'Can We Go To Cuba?'

May 27, 2017 | Tye Davis

As we neared the end of our mission trip to Guatemala in March 2016, members of my church in Coeur d’Alene, Idaho, were already asking, “What are we doing next year? Where are we going on our next mission trip?”

This was exciting to me since it had been one of the results of this trip I had hoped for. But what came next was completely unexpected and entirely foreign to me.

“Can we go to Cuba?” This was Ben Rodriguez’s first mission trip, and he couldn’t wait to go again. And now, inspired by his friend who was also with us in Guatemala, Tony Henneberg, Rodriguez was asking if we could do our next mission trip in Cuba.

Henneberg had lived in Cuba as a teenager in the 1950s while his dad served as conference president there. His family left Cuba when Fidel Castro and Che Guevara won the revolution. Henneberg, now a retired physician, had only been back once briefly. The thought of going to Cuba on a mission trip put a smile on his face.

Cuba?! How do we get there? What are we allowed to do? Who do we know there who can help us? Having never been there before, I had a million questions. Over the next few months, I began to get some answers to those questions. Through a variety of contacts, slowly a plan began to develop.

There are many Adventist churches in Cuba across the nearly 800-mile long island. While these churches are allowed to function as places of worship, building new churches has been illegal in Cuba since the revolution ended in 1959. But the church has found a way to grow in these frontline cities with something called “Houses of Light.”

A few years ago, it also became legal for Cubans to buy and sell property. So, with the help of American donors and Cuban church members, a house can be purchased in a city without an Adventist church. A Bible worker can move into the house, sharing Jesus in the town. As interest in the Advent message grows, permission can be obtained for this new group of Seventh-day Adventists to worship together in this home. Using this model, Houses of Light are beginning to slowly shine across the country.

Excited about this work, Rodriguez and I traveled to Cuba in January and found a house in a coastal city on the north side of Cuba. After plans were set into motion to purchase the house, we came home and excitedly began growing the group of missionaries who would go in March to renovate the house and get it ready to be the newest Adventist presence in Cuba.

About a month later, we received word that the sale of the house had fallen through. We had no project for our group. Disappointed and somewhat unsure of how to move forward, we asked the local conference in Cuba if there was another option. As a last-minute decision, Rodriguez, Henneberg and I found ourselves on the plane headed to Cuba. By the end of that trip, we realized why everything had fallen through.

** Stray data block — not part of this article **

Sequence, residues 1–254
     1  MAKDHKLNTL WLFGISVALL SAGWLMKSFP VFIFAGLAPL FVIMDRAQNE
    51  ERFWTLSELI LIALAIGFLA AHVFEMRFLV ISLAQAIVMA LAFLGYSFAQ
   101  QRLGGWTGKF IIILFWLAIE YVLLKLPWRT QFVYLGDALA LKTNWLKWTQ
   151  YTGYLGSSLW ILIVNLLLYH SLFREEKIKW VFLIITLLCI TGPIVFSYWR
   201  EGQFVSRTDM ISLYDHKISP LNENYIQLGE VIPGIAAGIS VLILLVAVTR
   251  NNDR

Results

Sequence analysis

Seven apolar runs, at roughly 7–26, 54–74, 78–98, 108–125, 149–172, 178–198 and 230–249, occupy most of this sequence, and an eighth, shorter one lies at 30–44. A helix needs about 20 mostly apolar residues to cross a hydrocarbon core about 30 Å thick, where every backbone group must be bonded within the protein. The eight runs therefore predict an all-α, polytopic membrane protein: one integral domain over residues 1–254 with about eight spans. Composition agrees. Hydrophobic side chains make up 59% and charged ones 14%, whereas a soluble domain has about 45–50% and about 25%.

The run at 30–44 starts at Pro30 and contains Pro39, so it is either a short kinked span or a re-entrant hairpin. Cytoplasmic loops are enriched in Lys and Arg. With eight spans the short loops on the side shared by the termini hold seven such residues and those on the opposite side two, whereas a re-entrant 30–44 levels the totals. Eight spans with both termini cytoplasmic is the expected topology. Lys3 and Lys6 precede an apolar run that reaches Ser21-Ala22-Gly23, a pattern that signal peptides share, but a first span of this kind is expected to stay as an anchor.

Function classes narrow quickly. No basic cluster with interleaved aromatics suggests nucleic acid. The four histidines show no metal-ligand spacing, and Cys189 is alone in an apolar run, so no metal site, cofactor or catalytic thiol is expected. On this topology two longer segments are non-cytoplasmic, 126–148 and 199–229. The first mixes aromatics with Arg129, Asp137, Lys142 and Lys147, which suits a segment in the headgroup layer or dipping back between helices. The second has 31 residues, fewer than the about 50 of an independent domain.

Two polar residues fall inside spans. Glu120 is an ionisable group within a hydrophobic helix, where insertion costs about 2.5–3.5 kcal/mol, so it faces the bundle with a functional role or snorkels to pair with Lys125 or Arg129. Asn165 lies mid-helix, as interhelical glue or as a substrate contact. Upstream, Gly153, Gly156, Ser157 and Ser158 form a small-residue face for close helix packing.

God is good, and He has plans that are unlike anything you and I can imagine — and you can know them if you’re willing to let Him lead. During this second trip to Cuba, we were able to purchase a better house for less money in the center of a more populated city, this time on the south coast of Cuba. The work project was more significant, as it included a new construction project for some Sabbath School rooms behind what would eventually be a new House of Light.

While our group of 29 missionaries was in Cuba, we faced several unexpected challenges, perhaps the biggest being the local government shutting down our construction project halfway through the work week. Despite those challenges and setbacks, we were able to accomplish some amazing, God-sized tasks. Walls were repaired inside and out, and the entire house was repainted. All the plumbing was redone. We even received the permit necessary to worship there and did a weeklong evangelistic series and kids’ program. Perhaps best of all, we created relationships that will last for eternity.

As we share our story with others and I reflect on how so many things didn’t go as we had planned, I keep thinking about the plans I have for tomorrow and in the future and wonder, “What does God think of my best-laid plans?” It has been a good reminder of God’s declaration in Jeremiah that He knows His plans for us and, best of all, they’re good plans. Aren’t you curious what they are?

There’s a group of us in Coeur d’Alene who are excited about our next mission trip. We don’t know where we’re going yet or what we’ll be doing, but we’re excited to see where God’s plans will lead us and how He will use us to bring glory and honor to His Name. I hope you’ll let Him lead you too.

To see more pictures from our trip, visit CDA Adventist on Facebook.